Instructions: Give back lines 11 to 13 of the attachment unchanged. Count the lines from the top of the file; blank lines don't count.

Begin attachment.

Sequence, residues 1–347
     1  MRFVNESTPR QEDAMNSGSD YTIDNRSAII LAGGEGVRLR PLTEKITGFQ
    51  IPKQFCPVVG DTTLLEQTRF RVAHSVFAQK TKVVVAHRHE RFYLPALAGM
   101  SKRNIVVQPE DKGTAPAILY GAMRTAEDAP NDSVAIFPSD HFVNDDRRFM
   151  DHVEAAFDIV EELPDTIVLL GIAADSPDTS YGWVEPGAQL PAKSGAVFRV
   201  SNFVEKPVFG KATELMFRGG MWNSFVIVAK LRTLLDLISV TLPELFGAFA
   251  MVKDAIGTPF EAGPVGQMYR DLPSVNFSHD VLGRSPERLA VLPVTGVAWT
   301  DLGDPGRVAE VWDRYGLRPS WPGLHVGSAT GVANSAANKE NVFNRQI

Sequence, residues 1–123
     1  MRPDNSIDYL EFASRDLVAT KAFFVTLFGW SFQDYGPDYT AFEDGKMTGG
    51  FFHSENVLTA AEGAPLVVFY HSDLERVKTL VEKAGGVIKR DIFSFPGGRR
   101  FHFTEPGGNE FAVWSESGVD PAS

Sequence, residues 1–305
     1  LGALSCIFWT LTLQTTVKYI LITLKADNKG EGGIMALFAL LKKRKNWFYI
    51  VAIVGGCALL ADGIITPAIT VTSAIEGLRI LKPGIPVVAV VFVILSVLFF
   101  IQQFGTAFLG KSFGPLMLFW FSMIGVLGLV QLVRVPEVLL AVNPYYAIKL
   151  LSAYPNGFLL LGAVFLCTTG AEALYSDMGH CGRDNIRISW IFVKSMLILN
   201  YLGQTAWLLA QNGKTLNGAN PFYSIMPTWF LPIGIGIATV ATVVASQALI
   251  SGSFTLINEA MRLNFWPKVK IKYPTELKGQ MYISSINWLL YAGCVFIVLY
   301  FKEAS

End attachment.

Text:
    51  FFHSENVLTA AEGAPLVVFY HSDLERVKTL VEKAGGVIKR DIFSFPGGRR
   101  FHFTEPGGNE FAVWSESGVD PAS

Sequence, residues 1–305